The Red Sox have seemed discombobulated since September and that didn’t change once the statuses of manager Terry Francona and GM Theo Epstein were resolved.
(If you were in hibernation, they both left.)
There’s an air of dysfunction remaining as the continuity of maneuvers that was there under Epstein is gone.
Who’s in charge?
Is it new GM Ben Cherington?
Is it CEO Larry Lucchino?
How much say is new manager Bobby Valentine having in the team construction?
Does anyone know?
Epstein deserves a large portion of the blame for the way the team came apart in 2011. Going back as far as 2007, Epstein was purchasing products to impress his neighbors rather than adhering to a plan of attack. It worked in 2007 as they won the World Series, but in subsequent years it became a case of diminishing returns. They literally and figuratively got fat with a bloated payroll and disinterested demeanor.
Regardless of how you view Epstein’s tenure with the Red Sox—whether you think he received too much credit as a media creation backed up by money or was a true front office visionary—there was no question of who was in charge. Following his tantrum-fueled resignation after the 2005 season and eventual return, he won the power struggle with Lucchino.
It was Theo’s team.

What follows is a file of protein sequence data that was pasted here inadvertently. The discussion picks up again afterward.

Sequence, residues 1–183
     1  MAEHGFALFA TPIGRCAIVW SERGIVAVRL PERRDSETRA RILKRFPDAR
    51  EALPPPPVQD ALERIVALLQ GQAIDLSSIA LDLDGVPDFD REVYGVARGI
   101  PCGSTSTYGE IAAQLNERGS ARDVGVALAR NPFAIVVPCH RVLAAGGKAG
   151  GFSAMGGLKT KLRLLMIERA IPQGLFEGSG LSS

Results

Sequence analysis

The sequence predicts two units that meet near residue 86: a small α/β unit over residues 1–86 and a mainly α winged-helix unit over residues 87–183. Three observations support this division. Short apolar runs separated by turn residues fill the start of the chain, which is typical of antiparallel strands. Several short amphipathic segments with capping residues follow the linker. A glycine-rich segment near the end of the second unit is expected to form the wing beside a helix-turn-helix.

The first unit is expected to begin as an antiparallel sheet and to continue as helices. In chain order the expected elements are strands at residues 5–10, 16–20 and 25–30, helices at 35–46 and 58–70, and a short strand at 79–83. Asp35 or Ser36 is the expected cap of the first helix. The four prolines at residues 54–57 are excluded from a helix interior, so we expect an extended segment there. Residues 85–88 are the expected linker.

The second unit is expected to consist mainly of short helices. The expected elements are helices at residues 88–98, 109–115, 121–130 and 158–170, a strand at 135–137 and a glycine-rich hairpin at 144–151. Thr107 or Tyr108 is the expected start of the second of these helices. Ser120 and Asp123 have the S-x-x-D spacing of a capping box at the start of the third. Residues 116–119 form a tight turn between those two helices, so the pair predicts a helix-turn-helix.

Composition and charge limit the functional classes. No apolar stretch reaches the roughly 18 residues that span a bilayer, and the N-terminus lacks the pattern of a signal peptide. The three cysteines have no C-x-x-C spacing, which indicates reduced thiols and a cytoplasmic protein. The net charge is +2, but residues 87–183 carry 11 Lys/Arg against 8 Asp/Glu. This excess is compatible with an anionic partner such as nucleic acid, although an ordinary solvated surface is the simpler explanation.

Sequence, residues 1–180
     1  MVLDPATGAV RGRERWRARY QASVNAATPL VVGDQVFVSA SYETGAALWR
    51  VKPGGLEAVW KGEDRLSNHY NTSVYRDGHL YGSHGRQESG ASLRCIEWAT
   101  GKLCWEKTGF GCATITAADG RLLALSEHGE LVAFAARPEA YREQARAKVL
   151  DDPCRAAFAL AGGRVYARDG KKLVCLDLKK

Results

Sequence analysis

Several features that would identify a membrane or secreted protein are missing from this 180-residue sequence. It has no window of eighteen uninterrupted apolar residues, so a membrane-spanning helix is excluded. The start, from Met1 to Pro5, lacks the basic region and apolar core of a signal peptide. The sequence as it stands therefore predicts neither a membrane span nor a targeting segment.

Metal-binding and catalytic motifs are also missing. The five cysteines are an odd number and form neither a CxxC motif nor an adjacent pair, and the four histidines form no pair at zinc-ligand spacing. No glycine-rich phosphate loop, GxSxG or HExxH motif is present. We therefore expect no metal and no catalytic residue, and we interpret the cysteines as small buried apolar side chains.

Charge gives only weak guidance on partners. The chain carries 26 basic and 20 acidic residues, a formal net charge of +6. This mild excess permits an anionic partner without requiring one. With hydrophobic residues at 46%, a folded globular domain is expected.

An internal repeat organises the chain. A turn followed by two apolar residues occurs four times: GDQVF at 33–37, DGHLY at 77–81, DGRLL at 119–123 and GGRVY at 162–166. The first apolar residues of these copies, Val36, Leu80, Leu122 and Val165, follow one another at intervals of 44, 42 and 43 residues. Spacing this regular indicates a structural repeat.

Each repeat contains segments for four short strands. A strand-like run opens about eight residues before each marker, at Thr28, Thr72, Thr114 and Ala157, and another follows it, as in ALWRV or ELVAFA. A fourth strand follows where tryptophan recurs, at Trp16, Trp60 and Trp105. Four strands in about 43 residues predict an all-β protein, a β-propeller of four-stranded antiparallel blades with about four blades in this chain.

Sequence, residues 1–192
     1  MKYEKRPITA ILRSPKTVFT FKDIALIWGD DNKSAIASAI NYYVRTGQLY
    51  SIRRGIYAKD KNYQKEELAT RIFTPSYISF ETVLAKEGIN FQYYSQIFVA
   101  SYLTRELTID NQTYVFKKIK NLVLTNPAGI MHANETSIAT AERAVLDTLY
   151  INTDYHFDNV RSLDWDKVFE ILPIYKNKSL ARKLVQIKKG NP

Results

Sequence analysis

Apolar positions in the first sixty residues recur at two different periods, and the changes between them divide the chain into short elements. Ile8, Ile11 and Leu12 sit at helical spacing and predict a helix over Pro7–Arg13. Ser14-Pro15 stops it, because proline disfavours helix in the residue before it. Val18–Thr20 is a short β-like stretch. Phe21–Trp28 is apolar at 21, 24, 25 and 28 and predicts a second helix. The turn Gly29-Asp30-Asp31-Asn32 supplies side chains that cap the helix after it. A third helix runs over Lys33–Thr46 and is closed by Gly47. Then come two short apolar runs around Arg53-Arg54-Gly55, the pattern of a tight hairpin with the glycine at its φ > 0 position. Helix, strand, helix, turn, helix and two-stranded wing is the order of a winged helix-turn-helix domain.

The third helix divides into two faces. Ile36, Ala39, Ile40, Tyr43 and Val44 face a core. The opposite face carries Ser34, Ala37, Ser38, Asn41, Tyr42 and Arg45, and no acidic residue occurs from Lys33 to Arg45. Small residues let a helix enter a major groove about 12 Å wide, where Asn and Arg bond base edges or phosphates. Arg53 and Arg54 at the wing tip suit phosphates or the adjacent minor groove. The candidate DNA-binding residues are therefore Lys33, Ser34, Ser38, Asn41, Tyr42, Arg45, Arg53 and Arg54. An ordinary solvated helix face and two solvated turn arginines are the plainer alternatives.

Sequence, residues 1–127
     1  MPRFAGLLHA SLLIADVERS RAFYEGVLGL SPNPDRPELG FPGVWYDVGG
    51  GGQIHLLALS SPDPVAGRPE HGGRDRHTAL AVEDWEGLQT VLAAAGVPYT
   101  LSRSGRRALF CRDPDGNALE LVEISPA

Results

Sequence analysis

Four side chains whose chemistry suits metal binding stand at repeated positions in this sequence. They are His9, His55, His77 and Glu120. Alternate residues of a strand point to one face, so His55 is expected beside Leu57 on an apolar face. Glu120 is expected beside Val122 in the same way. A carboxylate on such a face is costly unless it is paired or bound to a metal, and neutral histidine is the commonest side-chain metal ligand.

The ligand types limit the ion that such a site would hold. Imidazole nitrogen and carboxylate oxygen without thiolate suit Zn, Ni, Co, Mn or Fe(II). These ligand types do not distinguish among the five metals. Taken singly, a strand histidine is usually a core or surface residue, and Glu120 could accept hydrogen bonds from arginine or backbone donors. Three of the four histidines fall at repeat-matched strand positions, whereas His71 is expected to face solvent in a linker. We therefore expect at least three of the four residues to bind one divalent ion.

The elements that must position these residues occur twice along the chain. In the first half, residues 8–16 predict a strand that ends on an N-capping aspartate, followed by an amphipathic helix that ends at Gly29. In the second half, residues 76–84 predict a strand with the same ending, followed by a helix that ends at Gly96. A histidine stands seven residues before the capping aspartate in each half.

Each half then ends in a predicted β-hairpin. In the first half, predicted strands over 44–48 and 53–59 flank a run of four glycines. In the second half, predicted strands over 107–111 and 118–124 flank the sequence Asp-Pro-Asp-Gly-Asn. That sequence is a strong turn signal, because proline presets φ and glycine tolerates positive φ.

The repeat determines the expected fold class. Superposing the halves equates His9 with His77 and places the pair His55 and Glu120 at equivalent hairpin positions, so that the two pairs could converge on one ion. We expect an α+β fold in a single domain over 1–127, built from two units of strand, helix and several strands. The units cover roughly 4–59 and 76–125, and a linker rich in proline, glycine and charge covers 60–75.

Once Epstein left, Lucchino wasted no time in asserting himself with Cherington and whispering in the ear of owner John Henry.
The simplest question as to whom is truly running things was answered when Valentine was hired as manager.
Ask yourself this: Had Epstein stayed, would the Red Sox have hired Valentine?
Cherington was Epstein’s protégé and he would’ve wanted to hire a manager who had less personality, a closed mouth and did what he was told by upper management.
That’s not Valentine.
This is a clear salary dump and the speculation has centered around freeing up money to sign Roy Oswalt and fill a glaring need in the starting rotation.
You may ask, why would a team like the Red Sox, with a $160 million+ payroll, be worried about the relative pittance that Scutaro is making in 2012, $6 million?
It’s clear by now that the vault is closed. Partially due to the new luxury tax rules that are coming into effect and partially due to the failures of the high-priced signings made by Epstein—Carl Crawford, John Lackey and Bobby Jenks—they’re not going to toss more money into the air to fix it anymore.
It comes down to this: they have enough offense to cover for a lighter-hitting shortstop than Scutaro and can get by with a combination of Mike Aviles and Nick Punto as long as they’re not utterly inept with the glove and bat. They need an arm and needed to clear some cash to get it, so they dumped Scutaro.
Some have suggested that they might shut their eyes and play rookie Jose Iglesias for his glove. I can tell you right now that Valentine is not going to play an untested rookie shortstop while he’s under the mandate to win and working under a 2-year contract.
It’s going to be the veterans Aviles and Punto and the Red Sox are going to make a move on a pitcher.
Would Epstein have done this?
It doesn’t really matter, does it?
Because he’s gone.
But that’s not the problem.
There biggest issue with Epstein’s departure isn’t that he’s irreplaceable; it’s that no one seems to know who’s in charge.
And it doesn’t appear as if the Red Sox know either.